Why not instead try to focus and understand the appeal of the brand and its products? Those have finite and discreet attributes. If your data sources identify via census or otherwise that a substantial number of people want a no-kill mousetrap can you not just ask where people want to buy no-kill mousetraps. You can certainly do the product testing with your current audiences. Do we really need to know their motivation or what they plan to do with the mice or even why the have mice? C-level and product managers just wants to sell the mousetraps. That’s why BI is succeeding and MR is retreating. At the end of the day it’s about maximizing sales and profitability. Somewhere along the line we got tangled up in the weeds.

  2. Hey Ellen,
    Thanks so much for your thoughts on the topic. I’m not sure I agree 100% with Mr Disraeli, but I’m a researcher, aren’t we supposed to love stats?
    An interesting discussion we are having with our clients at the moment, and I’ll be presenting a paper at ESOMAR with Microsoft to discuss it is how traditional research (or perceptual research) can be complemented with behavioral data (aka Big data). There are huge debates happening in client organizations left, right and center. Which data is more accurate? And for the reasons you highlight above, is data that can’t be understood without slicing down be trustworthy?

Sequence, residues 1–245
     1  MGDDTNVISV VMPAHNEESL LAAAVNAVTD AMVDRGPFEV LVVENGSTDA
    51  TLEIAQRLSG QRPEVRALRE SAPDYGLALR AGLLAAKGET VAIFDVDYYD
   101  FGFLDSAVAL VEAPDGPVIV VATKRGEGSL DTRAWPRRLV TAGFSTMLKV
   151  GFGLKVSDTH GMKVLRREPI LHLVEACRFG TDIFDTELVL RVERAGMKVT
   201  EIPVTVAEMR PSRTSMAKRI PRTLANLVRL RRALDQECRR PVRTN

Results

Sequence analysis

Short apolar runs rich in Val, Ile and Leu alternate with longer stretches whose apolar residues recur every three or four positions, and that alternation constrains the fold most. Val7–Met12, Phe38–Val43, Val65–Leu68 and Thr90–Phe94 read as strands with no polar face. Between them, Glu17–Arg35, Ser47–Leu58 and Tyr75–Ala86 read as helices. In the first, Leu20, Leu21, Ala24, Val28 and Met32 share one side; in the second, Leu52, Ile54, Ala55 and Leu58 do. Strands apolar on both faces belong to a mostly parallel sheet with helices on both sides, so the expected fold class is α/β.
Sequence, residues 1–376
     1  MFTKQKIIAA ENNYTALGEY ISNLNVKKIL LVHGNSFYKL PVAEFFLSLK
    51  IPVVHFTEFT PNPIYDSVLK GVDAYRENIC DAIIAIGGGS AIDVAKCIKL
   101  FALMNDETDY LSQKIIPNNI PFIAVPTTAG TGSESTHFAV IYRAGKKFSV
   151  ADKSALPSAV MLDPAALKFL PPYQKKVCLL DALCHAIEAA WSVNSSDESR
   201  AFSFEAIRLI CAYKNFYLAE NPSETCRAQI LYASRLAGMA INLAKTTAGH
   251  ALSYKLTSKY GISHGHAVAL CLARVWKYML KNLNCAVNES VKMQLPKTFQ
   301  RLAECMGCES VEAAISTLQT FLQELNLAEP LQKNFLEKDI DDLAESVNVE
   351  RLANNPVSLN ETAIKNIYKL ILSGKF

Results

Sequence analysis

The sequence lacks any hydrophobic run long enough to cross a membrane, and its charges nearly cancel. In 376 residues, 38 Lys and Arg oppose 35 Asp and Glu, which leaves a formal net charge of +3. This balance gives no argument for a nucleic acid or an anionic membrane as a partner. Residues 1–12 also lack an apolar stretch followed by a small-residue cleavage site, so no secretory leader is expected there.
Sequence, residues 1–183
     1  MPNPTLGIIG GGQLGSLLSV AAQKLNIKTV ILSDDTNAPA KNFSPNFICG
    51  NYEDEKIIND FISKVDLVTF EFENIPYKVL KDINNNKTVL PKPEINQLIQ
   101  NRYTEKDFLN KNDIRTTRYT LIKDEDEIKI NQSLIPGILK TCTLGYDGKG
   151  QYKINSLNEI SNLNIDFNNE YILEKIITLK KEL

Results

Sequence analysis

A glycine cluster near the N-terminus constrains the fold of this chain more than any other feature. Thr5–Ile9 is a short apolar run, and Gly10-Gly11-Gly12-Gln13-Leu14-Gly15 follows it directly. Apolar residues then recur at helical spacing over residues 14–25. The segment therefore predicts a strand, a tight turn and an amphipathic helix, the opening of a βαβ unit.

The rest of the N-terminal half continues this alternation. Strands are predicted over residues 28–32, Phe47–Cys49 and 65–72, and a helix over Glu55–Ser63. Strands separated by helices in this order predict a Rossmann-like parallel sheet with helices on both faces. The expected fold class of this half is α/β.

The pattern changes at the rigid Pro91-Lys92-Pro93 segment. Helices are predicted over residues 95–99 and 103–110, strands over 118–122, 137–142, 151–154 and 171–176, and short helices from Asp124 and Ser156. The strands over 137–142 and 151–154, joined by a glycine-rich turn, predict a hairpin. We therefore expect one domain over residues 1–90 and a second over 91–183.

We also shouldn’t forget about a topic that I don’t think our industry has discussed enough.

    While the main purpose of research -whichever way you do it- may be to provide information so our clients can make better decisions, the same information/metrics are used for C-level compensation plans. The bonus of our client bosses -and the bosses of the bosses- are paid partly according to the results from our research.

    So choosing the right (or wrong) tool, not only would have an impact on the quality of the decision making, it can also easily get some people fired. I’ll hold my thoughts until on how stable/reliable Google and other quick poll tools can be for the purpose of this. Not one solution would fit all, and we’ll soon realize this is true, in the ‘new’ world of market research, same as it has always been.

    My personal view is that in the future, short polls will coexist with behavioral big datasets and be complemented with “traditional’ surveys, only shorter than those we usually conduct today.

  3. I recall having a conversation with an Executive about 8 years ago about the most progressive, innovative and successful companies being those who focus on getting their databases up to speed. Without strong databases you can’t mine for insights, communicate with your customers, or manage your business effectively.

    Thanks again for the great article Patricio!